"I will always be in Andy's corner and wish him nothing but great success as he too goes into a new phase of his career.”—Ivan Lendl, quoted in Andy Murray’s blog on the termination of their coaching relationship.
With that gracious comment, one of the most interesting and wildly successful coaching experiments has come full circle. The partnership lasted two years and change, and the way it played out underscored one of its great strengths. Lendl didn’t really need Andy Murray’s money; he was free to walk away any time he so chose, without a care in the world. This was a satisfying story with a logical beginning, middle, and end. That Lendl could claim “mission accomplished” only adds luster to the saga.
Besides, if you look at it from Lendl’s perspective, you have to wonder what upside might have remained for him as Murray enters this “new phase” of his career. If you track Murray’s results since he became the first British man to win Wimbledon in 77 years last July, you would be entitled to feel that while Lendl is by no means abandoning a sinking ship, he may be getting out while the getting’s good—or at least avoiding what might be a long, arduous effort to bolster the chances of his now ex-protégé.
Murray lost in the quarterfinals of last year’s U.S. Open, then took the rest of the year off to undergo minor back surgery. He returned in January, and has yet to make a final in five tournaments.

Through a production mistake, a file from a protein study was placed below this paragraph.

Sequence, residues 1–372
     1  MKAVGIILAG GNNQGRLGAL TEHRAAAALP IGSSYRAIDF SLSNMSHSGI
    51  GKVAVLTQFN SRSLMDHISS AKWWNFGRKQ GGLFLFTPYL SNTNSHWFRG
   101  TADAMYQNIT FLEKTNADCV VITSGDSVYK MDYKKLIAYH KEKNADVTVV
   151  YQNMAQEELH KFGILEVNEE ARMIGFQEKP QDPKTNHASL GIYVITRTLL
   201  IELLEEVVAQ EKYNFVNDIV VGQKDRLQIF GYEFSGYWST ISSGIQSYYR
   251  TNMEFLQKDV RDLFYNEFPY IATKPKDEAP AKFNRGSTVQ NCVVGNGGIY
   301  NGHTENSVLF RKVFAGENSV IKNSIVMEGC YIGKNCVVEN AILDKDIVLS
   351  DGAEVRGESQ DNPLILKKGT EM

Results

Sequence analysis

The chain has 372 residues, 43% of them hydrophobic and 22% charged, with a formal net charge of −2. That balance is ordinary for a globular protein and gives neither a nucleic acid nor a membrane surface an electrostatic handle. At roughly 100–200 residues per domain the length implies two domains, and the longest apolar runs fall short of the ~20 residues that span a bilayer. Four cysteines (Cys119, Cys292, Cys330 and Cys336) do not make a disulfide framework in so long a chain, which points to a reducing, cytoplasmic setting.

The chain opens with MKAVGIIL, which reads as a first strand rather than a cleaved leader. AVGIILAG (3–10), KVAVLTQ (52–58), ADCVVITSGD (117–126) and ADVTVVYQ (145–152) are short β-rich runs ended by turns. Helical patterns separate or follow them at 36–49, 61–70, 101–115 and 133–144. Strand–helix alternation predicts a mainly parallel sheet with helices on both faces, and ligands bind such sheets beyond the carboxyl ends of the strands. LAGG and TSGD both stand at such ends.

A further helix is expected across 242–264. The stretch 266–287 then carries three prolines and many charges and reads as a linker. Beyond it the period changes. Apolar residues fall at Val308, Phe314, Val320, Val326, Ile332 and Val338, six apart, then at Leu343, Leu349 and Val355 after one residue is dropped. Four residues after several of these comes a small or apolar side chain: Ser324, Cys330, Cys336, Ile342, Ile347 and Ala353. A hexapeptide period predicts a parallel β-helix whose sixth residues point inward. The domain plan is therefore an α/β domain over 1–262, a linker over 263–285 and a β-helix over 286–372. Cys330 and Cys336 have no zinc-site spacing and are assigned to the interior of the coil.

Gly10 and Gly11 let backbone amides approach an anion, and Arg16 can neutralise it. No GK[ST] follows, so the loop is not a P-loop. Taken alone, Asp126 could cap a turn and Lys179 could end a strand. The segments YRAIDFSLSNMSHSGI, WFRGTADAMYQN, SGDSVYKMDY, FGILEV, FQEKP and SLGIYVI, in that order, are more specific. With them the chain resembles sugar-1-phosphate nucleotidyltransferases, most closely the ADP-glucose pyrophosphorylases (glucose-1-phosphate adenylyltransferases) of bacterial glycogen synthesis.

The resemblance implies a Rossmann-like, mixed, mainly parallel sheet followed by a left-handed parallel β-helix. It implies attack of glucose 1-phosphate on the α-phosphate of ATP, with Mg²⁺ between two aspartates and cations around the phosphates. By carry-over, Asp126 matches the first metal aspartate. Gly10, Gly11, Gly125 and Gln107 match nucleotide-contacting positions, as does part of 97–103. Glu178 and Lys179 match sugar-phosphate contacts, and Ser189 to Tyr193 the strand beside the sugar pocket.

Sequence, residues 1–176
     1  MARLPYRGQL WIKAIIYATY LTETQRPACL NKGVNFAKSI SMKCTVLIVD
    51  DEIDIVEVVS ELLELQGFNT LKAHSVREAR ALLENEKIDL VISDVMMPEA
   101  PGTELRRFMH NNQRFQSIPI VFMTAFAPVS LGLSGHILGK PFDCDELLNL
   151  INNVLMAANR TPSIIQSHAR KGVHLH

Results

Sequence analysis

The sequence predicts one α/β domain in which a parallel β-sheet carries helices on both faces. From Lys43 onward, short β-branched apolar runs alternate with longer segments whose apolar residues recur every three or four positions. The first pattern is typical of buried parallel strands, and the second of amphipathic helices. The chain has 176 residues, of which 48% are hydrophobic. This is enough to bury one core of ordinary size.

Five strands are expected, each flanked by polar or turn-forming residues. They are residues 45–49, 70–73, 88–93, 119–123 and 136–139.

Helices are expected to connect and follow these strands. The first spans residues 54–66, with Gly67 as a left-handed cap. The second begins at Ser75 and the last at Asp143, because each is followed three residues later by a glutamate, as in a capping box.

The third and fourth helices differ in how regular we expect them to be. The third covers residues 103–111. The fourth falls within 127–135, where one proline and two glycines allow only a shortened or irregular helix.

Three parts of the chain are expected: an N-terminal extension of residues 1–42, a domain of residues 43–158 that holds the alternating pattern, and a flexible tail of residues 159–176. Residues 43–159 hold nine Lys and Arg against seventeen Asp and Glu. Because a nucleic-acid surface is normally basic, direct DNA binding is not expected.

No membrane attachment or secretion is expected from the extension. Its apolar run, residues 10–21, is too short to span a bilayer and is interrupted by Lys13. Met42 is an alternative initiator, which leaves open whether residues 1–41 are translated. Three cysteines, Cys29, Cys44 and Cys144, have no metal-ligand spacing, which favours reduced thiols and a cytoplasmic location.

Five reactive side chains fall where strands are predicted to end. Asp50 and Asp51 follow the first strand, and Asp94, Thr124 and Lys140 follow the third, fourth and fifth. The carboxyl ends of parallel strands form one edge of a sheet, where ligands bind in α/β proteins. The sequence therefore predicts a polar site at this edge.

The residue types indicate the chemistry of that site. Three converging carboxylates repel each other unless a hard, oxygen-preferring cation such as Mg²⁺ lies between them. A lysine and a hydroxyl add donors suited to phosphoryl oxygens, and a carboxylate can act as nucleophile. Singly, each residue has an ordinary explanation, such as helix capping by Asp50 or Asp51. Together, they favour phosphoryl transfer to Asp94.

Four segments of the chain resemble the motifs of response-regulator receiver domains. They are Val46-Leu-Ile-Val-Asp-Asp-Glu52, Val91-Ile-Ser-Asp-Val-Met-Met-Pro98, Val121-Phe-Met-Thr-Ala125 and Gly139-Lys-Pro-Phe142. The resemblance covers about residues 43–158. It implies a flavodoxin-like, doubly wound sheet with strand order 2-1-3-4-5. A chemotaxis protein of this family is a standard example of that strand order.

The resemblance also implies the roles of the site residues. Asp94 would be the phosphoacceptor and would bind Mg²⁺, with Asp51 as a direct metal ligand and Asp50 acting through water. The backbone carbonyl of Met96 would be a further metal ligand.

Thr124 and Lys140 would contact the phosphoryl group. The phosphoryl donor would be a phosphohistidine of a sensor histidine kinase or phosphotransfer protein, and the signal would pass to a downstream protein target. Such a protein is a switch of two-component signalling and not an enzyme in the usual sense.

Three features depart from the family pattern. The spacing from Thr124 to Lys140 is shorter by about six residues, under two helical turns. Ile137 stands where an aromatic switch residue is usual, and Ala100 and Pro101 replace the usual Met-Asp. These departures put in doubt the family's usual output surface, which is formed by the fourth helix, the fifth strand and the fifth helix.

Lendl probably has better things to do than re-re-organize Murray’s game. He pointed the Scot to a path through a woods that Murray, in 2011, was in grave danger of never finding. You can’t put a price tag on that.
But Lendl also knows that Murray is without a doubt the junior member of the still-intact Big Four. Roger Federer, another member of that august company, recently leapfrogged back over Murray to the No. 5 spot, and beating Rafael Nadal (5-13 head-to-head record) and Novak Djokovic (8-11 head-to-head record) will forever be a big ask.
With or without Lendl, Murray has had to really struggle to keep pace with those icons.
"I'm eternally grateful to Ivan for all his hard work over the past two years, the most successful of my career so far," said Murray.
It turns out that Lendl not only directed Murray to the path he needed to take, but perhaps Lendl himself was also shown a path—one leading back to the game that he seemed to renounce, as so many great champions do, when he retired. In working with Murray, Lendl may have re-discovered the joy of being in and around the game.
"As a team, we've learned a lot and it will definitely be of benefit in the future,” Murray said. That “we” probably includes Lendl—and should if it does not. His popularity, never his strong suit as an active player, has grown immensely. Ivan Lendal is back, playing in old dude events that suddenly seem more viable because of the recent activities of himself, Edberg, Becker et al.
As for Murray, the sub-text here is clear: It’s time for him to put on big-boy pants.